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ANNIVERSARY ADDRESSES.

THE CHIEF ELEMENTS OF A MANLY CULTURE.

INAUGURAL ORATION, JUNE 27, 1877.

CERTAIN occasions seem to prescribe their own

U themes of discourse, and certain themes are endowed with perpetual life. There are problems with which each coming generation and each last man grapples as freshly as the first.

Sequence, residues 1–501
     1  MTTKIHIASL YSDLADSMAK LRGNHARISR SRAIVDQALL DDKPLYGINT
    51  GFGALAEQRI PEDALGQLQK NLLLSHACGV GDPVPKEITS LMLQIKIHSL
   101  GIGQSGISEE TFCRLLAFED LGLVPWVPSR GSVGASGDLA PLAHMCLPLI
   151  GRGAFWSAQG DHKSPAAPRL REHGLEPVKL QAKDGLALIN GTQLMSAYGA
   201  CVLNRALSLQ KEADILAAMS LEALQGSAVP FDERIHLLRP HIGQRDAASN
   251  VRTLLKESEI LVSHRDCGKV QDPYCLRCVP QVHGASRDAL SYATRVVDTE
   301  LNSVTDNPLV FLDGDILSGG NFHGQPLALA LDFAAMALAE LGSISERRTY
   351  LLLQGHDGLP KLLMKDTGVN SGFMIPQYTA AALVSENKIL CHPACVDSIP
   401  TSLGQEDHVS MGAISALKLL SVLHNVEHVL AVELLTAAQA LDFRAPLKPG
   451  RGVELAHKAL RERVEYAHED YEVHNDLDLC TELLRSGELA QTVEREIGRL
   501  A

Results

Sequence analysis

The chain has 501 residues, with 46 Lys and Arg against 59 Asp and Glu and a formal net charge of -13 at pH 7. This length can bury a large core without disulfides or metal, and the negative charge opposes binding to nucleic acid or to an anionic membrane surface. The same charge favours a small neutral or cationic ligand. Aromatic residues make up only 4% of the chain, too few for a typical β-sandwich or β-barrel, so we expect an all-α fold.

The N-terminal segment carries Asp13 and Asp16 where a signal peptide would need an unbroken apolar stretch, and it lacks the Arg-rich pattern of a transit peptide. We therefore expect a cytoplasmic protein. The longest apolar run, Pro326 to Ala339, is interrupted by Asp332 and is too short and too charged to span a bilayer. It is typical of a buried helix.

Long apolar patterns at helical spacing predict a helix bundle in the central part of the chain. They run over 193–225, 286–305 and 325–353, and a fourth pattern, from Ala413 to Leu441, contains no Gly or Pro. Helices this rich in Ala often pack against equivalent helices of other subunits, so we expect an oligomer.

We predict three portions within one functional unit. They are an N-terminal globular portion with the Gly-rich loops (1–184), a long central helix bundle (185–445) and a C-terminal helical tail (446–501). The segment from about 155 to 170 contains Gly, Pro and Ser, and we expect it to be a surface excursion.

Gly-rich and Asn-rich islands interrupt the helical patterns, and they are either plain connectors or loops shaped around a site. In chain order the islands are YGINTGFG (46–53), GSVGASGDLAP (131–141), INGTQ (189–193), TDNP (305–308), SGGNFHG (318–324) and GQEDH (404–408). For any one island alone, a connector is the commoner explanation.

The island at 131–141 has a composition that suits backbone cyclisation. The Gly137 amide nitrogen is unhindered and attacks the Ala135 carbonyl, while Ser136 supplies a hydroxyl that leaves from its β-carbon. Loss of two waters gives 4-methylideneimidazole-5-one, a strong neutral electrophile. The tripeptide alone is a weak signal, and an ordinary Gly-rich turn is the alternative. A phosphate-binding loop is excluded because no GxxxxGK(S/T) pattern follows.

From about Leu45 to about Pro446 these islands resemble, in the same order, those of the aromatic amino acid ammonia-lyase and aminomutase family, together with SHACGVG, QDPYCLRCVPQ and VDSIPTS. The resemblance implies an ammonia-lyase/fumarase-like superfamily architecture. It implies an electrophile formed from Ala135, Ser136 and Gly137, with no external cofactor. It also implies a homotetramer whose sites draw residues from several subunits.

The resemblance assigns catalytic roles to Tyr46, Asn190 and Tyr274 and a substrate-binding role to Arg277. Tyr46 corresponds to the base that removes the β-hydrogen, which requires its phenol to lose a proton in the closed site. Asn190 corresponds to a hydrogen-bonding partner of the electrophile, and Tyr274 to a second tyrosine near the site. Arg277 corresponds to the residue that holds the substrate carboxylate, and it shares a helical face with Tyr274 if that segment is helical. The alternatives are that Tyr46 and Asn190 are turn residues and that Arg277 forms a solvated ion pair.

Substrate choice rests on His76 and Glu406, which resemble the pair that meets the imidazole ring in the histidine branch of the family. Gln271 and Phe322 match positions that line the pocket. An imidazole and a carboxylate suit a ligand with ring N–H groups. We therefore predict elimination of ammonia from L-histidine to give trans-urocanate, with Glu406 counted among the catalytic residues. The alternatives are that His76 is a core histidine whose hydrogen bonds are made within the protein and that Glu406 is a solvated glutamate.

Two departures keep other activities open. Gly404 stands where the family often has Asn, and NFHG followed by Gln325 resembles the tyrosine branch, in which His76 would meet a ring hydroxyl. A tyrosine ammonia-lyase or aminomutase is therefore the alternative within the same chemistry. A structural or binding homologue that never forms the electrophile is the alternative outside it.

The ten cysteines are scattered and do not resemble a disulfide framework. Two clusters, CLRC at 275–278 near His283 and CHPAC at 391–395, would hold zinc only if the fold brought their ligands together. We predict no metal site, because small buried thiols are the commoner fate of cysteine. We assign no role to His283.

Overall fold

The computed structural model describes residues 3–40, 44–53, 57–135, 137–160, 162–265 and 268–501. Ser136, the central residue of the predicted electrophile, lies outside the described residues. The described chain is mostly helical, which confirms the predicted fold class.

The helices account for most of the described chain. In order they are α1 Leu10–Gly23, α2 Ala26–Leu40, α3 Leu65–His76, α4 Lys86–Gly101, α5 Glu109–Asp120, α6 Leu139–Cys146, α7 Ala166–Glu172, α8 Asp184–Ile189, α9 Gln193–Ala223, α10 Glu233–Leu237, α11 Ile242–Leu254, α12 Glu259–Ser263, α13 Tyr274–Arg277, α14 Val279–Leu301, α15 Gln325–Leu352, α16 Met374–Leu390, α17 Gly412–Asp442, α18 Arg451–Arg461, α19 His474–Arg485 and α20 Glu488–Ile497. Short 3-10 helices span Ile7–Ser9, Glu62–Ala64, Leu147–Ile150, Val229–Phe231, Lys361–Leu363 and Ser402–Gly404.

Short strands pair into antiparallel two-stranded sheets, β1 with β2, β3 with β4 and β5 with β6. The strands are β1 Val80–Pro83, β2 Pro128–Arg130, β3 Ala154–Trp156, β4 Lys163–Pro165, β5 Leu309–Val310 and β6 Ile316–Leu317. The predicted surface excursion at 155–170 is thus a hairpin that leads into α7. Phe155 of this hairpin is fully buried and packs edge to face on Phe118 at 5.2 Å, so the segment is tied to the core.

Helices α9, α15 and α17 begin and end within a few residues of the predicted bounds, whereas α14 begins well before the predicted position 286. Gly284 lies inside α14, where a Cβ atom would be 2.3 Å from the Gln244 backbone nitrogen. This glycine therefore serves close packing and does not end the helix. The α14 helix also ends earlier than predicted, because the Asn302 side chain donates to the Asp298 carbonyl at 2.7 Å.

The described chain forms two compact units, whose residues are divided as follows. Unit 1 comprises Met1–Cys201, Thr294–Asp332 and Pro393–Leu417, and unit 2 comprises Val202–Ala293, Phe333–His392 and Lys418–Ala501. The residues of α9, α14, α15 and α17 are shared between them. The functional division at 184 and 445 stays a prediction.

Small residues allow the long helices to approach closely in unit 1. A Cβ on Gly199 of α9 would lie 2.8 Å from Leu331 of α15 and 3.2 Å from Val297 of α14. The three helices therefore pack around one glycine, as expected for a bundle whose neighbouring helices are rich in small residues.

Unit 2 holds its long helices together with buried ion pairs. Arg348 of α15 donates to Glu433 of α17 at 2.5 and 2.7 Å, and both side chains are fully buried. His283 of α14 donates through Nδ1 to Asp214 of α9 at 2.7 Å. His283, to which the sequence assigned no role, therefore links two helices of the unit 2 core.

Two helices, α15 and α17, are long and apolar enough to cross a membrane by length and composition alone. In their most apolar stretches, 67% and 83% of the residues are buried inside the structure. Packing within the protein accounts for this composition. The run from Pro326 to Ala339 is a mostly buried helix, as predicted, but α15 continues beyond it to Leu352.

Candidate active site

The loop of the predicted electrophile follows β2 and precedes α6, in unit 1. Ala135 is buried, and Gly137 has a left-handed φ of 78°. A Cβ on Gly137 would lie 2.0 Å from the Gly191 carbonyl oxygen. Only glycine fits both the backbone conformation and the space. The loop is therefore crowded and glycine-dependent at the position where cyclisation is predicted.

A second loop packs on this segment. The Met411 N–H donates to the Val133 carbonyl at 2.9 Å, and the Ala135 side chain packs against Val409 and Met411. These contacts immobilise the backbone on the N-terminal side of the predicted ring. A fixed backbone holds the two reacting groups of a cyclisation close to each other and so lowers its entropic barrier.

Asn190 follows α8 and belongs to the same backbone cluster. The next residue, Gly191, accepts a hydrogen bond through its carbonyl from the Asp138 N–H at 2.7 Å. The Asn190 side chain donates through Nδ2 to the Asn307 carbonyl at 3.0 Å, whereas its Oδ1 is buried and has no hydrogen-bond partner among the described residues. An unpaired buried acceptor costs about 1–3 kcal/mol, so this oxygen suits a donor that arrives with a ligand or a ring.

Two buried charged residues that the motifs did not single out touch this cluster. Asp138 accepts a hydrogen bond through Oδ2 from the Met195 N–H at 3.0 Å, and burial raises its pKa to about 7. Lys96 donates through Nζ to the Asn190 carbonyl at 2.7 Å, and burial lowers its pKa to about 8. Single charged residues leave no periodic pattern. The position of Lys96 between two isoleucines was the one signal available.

How shall the ripest growth of the ages be imparted to one young soul ? Twice, at least, in a lifetime, is this great question wont to rise solemnly before each thoughtful man — when he looks forward in youthful hope, and when he looks back in parental solicitude. It is a question of many forms and multiplying answers. Shall there be a long fundamental training, wide and general ? or shall it be closely professional ? Shall it be predominantly classic, or scientific, or æsthetic, or empiric? Many or much? For accomplishment or for accomplishing ? Shall it fit for the tour of Europe or for the journey of life? Masculine and feminine or vaguely human ? Shall it rattle with the drumbeat, bound with gymnastics, court fame by excursive “nines " not known on Helicon, and challenge British Oxford, alas ! with its boat crew? Shall the American college student follow his option or his curriculum ? And shall the college itself be a school for schoolmasters, a collection of debating clubs, a reading room with library attached, an intellectual quarantine for the plague of riches ? or a place of close and protracted drill, of definite methods, of prescribed intellectual work? Shall it fulfill the statement of the Concord sage — “You send your son to the schoolmasters, and the schoolboys educate him”? or shall a strong faculty make and mark the whole tone of the institution ?